Jeremy Grantham’s latest missive is out, and as always, its well worth a read: The 2Q Letter is a collection of six essays on topics ranging from “Finance Goes Rogue (But Volcker Wins a Round,” to “The Fearful Speculative Market,” to “Everything You Need to Know About Global Warming in 5 Minutes.”
I particularly liked this part:
“In 1965, 3% of GDP that was made up of ﬁnancial services [and that] was clearly sufﬁcient to the task, the proof being that the decade was a strong candidate for the greatest economic decade of the 20th century. We should be suspicious, therefore, of the beneﬁts derived from the extra 4.5% of the pie that went to pay for ﬁnancial services by 2007, as the ﬁnancial services share of GDP expanded to a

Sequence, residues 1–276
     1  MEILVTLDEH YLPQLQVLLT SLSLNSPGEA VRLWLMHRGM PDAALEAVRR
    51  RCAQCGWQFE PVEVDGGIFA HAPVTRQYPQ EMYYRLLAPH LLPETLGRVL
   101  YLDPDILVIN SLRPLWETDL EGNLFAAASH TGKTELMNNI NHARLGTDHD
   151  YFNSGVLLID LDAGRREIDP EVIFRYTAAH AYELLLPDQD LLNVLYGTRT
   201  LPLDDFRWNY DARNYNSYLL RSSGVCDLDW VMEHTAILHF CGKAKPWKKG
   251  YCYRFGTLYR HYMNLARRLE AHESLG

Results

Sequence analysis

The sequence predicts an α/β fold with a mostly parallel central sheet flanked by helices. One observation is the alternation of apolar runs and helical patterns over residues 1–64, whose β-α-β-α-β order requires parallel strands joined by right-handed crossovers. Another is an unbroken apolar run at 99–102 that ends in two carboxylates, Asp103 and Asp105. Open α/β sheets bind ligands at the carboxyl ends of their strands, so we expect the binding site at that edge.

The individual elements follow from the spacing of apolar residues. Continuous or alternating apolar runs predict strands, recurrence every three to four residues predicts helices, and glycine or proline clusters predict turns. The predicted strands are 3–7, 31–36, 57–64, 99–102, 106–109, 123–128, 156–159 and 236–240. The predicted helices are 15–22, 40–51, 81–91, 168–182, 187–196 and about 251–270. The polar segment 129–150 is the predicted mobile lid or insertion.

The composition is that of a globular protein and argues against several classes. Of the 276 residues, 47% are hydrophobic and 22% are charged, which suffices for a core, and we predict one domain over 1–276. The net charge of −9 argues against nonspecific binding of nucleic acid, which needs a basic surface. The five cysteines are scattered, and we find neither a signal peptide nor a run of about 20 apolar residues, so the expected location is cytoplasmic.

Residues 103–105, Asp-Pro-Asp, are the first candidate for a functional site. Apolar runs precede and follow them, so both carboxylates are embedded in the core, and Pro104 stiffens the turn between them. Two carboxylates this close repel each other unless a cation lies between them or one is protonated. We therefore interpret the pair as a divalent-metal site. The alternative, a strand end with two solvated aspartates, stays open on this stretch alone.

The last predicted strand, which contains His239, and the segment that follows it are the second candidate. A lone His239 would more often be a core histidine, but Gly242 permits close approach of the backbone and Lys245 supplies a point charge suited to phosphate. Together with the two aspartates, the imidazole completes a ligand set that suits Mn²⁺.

This extra 4.5% would seem to be without material value except to the recipients. Yet it is a form of tax on the remaining real economy and should reduce by 4.5% a year its ability to save and invest, both of which did slow down. This, in turn, should eventually reduce the growth rate of the non-ﬁnancial sector, which it indeed did: from 3.5% a year before 1965, this growth rate slowed to 2.4% between 1980 and 2007, even before the crisis.”
Yes, the bottom line is that we over-extended on leverage, driving the finacial sector to be an outside chunk of the economy. The deleveraging process should take that back down, if not to 3%, well then certainly towards 5%.
GMO, July 1010